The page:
In January 2004 Joel Spolsky wrote a blog post titled “Please Sir May I Have a Linker?”, where he described his tribulations trying to install a small .NET app in computers not bundled with the original .NET framework.
18 years later, his wish has been granted. Well, maybe it’s been granted a while ago, but I learnt about this only recently.
Here’s the thing: one can cross-compile .NET Core 6.0 applications in any platform to any other platform, just like with Go for example. Here’s how to create a macOS application (with Intel CPU) on a Linux box:
dotnet publish --configuration Release --runtime osx-x64 \ -property:PublishReadyToRun=true -property:PublishSingleFile=true \ --self-contained true
This command specifically requests the creation of a single file application using ReadyToRun, which optimizes its startup time.
The standalone executable will be located in
bin/Release/net6.0/osx-x64/publish and indeed, fully statically linked, it does not require anything else to run. Copy it to another machine, run, done.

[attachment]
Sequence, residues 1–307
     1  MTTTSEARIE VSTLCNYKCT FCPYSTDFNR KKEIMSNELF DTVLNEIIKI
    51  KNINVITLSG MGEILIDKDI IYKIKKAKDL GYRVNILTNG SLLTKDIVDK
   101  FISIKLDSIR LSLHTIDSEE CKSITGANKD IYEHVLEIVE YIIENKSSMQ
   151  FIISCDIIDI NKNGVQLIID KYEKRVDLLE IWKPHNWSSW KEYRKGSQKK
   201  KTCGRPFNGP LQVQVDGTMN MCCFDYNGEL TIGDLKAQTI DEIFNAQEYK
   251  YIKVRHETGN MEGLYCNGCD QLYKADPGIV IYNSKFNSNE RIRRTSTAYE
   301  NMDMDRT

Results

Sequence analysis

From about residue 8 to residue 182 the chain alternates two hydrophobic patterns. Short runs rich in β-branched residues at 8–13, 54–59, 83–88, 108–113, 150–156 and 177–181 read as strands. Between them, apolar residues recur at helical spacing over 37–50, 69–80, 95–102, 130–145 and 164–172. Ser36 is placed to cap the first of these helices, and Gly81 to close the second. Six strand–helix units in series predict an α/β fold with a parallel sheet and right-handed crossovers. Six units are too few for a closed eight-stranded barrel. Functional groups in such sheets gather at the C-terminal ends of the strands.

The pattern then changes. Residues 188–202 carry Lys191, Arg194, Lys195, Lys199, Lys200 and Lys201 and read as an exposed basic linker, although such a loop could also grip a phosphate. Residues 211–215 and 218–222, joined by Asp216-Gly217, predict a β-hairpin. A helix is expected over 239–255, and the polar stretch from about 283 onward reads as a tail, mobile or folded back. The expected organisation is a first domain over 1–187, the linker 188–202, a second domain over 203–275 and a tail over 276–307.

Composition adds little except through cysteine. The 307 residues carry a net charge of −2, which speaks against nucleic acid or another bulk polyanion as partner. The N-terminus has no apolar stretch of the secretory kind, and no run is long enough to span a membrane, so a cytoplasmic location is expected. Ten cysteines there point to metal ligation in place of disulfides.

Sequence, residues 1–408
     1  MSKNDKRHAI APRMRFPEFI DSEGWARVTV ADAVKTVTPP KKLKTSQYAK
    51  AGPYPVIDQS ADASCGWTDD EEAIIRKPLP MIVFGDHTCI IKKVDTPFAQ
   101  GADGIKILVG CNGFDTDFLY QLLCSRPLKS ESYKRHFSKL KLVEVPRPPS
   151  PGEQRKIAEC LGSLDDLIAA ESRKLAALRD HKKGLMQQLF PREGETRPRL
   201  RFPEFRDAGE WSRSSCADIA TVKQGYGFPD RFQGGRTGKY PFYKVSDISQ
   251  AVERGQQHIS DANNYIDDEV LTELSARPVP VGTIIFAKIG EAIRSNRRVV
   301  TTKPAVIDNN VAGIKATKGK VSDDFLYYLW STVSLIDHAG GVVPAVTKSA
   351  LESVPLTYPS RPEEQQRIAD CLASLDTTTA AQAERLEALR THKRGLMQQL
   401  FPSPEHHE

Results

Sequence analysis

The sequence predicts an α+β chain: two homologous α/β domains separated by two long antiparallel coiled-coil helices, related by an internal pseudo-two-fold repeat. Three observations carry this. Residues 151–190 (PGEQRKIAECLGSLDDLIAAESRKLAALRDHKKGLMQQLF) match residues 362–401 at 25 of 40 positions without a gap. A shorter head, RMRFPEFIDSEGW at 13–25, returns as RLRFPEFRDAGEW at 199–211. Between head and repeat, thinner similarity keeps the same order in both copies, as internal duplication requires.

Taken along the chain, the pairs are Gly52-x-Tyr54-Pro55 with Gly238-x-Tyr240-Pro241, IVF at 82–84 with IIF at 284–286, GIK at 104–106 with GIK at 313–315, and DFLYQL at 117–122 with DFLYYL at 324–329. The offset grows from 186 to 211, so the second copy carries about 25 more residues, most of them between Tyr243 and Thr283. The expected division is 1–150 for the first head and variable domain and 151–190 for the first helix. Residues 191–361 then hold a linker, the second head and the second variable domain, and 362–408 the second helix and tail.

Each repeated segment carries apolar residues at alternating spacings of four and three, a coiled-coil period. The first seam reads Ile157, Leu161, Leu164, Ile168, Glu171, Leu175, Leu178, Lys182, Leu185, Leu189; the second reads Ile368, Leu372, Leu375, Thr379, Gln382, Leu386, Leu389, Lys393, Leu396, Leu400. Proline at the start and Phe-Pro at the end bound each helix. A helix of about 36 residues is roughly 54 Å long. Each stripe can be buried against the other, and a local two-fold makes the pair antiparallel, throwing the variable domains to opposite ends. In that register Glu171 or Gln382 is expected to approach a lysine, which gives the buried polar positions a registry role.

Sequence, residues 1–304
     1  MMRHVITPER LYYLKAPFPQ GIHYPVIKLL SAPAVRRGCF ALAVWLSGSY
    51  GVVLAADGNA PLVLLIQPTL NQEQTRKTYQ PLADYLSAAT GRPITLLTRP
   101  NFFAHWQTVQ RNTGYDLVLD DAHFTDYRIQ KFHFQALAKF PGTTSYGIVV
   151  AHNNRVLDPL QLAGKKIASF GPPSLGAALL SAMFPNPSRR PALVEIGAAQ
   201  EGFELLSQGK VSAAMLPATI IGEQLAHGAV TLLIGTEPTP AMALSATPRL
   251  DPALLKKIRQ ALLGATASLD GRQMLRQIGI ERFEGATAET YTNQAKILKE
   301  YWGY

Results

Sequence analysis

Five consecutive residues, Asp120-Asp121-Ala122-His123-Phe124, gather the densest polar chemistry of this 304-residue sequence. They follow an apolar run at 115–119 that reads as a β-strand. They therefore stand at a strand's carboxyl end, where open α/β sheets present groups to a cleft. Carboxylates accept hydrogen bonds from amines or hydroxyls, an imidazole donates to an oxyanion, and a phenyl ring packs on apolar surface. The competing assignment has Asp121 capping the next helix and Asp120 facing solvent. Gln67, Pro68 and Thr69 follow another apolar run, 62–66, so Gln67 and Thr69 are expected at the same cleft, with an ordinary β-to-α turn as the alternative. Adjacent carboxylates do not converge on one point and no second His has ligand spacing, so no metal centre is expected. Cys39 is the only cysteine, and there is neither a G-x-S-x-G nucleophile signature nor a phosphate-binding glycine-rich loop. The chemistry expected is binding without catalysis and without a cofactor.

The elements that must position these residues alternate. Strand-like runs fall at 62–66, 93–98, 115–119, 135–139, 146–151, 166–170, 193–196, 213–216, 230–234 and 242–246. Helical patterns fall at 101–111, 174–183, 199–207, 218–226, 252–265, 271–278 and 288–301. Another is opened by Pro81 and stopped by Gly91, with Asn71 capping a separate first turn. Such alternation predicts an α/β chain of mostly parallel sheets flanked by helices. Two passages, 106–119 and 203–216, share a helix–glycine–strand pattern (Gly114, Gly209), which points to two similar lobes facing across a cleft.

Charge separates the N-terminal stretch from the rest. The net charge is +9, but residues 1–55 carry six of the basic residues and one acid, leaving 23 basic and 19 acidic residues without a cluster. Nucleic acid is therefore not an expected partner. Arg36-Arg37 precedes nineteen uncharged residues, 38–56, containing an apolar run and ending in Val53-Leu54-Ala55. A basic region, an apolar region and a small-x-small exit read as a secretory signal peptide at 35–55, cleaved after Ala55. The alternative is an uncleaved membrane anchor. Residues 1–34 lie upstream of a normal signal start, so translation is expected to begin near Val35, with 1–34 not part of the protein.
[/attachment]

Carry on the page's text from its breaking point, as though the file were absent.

Using my Conway project as an example (there’s a C#, a VB.NET, and an F# implementation there) I get a ~60 MB (gasp) application that happily runs without any other requirements.
Well, what Joel asked for included a specific requirement:
Then, it removes any library functions that your program does not use.
Clearly, if my final executable for such a simple project as this one weighs 60 MB… there’s probably a bit of code to remove. Go does this much better than .NET, at least at the time of this writing.
Anyway. Replace the
--runtime property from
win-x64 and you can build a Windows application, whatever operating system you’re using:
dotnet publish --configuration Release --runtime win-x64 \ -property:PublishReadyToRun=true -property:PublishSingleFile=true \ --self-contained true
In this case, the standalone executable will be located in
bin/Release/net6.0/win-x64/publish and again, it does not require any other dependencies.
The complete catalog of runtime IDs is available in the documentation of .NET, but they include pretty much all combinations of Windows, macOS, and Linux with 32 and 64 variants of both Intel and ARM CPU architectures–well, only 64 bits for macOS, of course.